Well, I have never heard any respectable composer put down the music that preceded them, but I realize it was a paraphrase. I personally do not find it very important that one's music be accessible to a wide audience. Not that one should deliberately confuse people and write music that is intentionally repulsive, but I don't believe in pandering. If the composer doesn't first and foremost write music that he believes very strongly in, well… there is no art. Let's be real here, classical music is esoteric. It may at one point have been relatively mainstream, but there has always "high art" and more lowbrow stuff. You showed that only about 8% of the proletariat attended Mozart's concerts, and if I may be I would wager a guess that most of the so-called nobility wasn't there purely for the music. Instead of cursing its lack of popularity, I find it of greater service to everybody to write music for the people who will really be consuming it. You don't need to speak down and the net result is higher quality art. Smaller paycheck, but hey, such is the life of an artist. Certain countries, like mine for example (Iceland) contribute quite a lot of the national budget to artistic endeavors which means that artists who are active in the artistic community and produce something of worth (I don't know how this is determined) can apply for government subsidies. This type of socialism would make many people vomit but I think that it is a pretty wonderful thing since it directly combats the effect I mentioned (of having to produce only music that is economically viable.) Obviously, it's not a fortune but it's perfectly livable (about the same as college professors get.)

Nathan Shirley said...


Bryan Townsend said...

Iceland is a kind of interesting case. I don't know how it works there, but in Canada there is significant government funding for the arts, but it tends to be captured by an insider's club. An awful lot of mediocre music by mediocrities with the right name has been commissioned.

No, I don't think you should pander to the audience, but someone like Mozart, for example, was very concerned to write music that would be both stirring and pleasurable to the audience. But he was dealing, mostly, with an audience of cognoscenti.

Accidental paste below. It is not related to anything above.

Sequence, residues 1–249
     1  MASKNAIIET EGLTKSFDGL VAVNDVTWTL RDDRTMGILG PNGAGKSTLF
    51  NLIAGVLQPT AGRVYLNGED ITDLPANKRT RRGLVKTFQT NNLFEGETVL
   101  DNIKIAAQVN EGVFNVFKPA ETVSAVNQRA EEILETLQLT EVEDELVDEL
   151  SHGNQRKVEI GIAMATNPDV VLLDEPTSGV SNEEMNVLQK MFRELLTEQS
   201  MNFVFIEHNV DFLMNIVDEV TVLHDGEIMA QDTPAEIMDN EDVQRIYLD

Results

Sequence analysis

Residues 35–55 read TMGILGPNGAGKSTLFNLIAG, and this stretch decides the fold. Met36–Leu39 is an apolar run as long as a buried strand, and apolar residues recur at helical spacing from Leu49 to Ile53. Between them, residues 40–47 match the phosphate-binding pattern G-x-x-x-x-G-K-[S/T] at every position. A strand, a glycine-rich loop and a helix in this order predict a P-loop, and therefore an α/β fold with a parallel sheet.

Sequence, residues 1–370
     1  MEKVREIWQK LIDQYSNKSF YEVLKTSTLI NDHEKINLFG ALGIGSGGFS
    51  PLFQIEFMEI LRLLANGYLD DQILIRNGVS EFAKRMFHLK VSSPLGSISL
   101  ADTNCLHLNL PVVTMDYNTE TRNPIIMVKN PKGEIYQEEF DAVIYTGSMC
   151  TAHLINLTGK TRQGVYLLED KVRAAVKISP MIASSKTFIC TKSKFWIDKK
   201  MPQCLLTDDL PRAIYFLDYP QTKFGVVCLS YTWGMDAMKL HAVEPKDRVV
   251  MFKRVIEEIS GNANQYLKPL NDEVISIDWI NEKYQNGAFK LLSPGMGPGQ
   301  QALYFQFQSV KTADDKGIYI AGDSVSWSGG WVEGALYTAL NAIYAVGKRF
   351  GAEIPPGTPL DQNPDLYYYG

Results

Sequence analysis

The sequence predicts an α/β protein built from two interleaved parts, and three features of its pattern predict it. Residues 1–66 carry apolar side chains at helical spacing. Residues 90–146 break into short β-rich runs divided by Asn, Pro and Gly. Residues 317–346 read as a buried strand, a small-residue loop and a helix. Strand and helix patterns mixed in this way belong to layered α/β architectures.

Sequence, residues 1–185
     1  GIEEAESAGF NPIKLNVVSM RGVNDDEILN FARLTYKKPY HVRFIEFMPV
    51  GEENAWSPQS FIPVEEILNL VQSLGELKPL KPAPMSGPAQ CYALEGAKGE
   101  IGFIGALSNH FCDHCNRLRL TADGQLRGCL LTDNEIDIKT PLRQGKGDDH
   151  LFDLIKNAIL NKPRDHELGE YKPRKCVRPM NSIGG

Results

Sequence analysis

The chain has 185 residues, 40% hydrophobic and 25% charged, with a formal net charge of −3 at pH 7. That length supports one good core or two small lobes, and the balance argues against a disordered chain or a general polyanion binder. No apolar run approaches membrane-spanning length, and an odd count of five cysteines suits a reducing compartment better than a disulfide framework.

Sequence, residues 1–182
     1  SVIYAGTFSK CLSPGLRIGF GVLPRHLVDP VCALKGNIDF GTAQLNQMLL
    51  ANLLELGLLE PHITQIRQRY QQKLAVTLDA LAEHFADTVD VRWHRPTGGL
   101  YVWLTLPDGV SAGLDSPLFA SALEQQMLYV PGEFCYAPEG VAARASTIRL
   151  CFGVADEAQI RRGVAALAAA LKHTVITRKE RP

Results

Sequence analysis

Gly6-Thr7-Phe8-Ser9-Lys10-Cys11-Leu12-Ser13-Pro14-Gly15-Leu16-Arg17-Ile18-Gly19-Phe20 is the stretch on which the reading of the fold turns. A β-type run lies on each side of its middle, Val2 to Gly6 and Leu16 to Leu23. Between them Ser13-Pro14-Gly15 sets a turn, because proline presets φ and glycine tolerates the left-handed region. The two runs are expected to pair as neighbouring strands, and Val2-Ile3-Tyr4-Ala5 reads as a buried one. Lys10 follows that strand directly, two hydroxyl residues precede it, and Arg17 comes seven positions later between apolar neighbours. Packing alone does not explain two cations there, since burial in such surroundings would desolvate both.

Yes, classical music can be esoteric, but I also think it can have a wide appeal. I guess what puzzles me is how bad a lot of the seemingly very popular music is. How much of the popularity of commercial music is carefully engineered and how much is just popularity? You can make some songs very familiar by just pushing them a lot. You can make other kinds of music seem strange and unpopular by keeping them out of the public space.

Bridge said...

I am by no means an elitist. It's not as if I want classical music all for myself and I want it to be as unintelligible as possible. But as I have already said somewhere else on this blog a lot of people really are not interested in art as a serious form of expression. I find it highly detrimental to try and "win over" those kinds of people by making the music artificially more approachable. I don't mean to sound condescending here, but I imagine that "normal" listeners mostly just hear the outer voices, rhythm and have a vague sense of harmony. In the case of Mozart or Beethoven, their music almost always has approachable melodies and straight-forward harmony which appeals to non-classical listeners and yet it is also full of substance which appeals to more discerning listeners. This isn't a bad thing, but to actively strive for it as if it were somehow the peak of music is in my opinion misguided. Classical music is complicated music which strives to say much more than other more plebeian styles, and to curb this expression is in my opinion a horrible injustice. It's a bit like saying that scientific journals should be more colloquial and relatable to non-scientists because why can't they be part of the fun? I'm sorry, but that really isn't how it works. Scientific journals are a forum for those truly interested in whatever the discipline in question is and the people who read it are expected to know the lingo and how things go. If you have to be constantly dumbing down your speech just so absolutely everybody can get it, getting some actual work done is going to be much harder. Because really, even if the average listener will find such a work pleasurable to listen to, chances are he will go home and turn on some pop music anyway.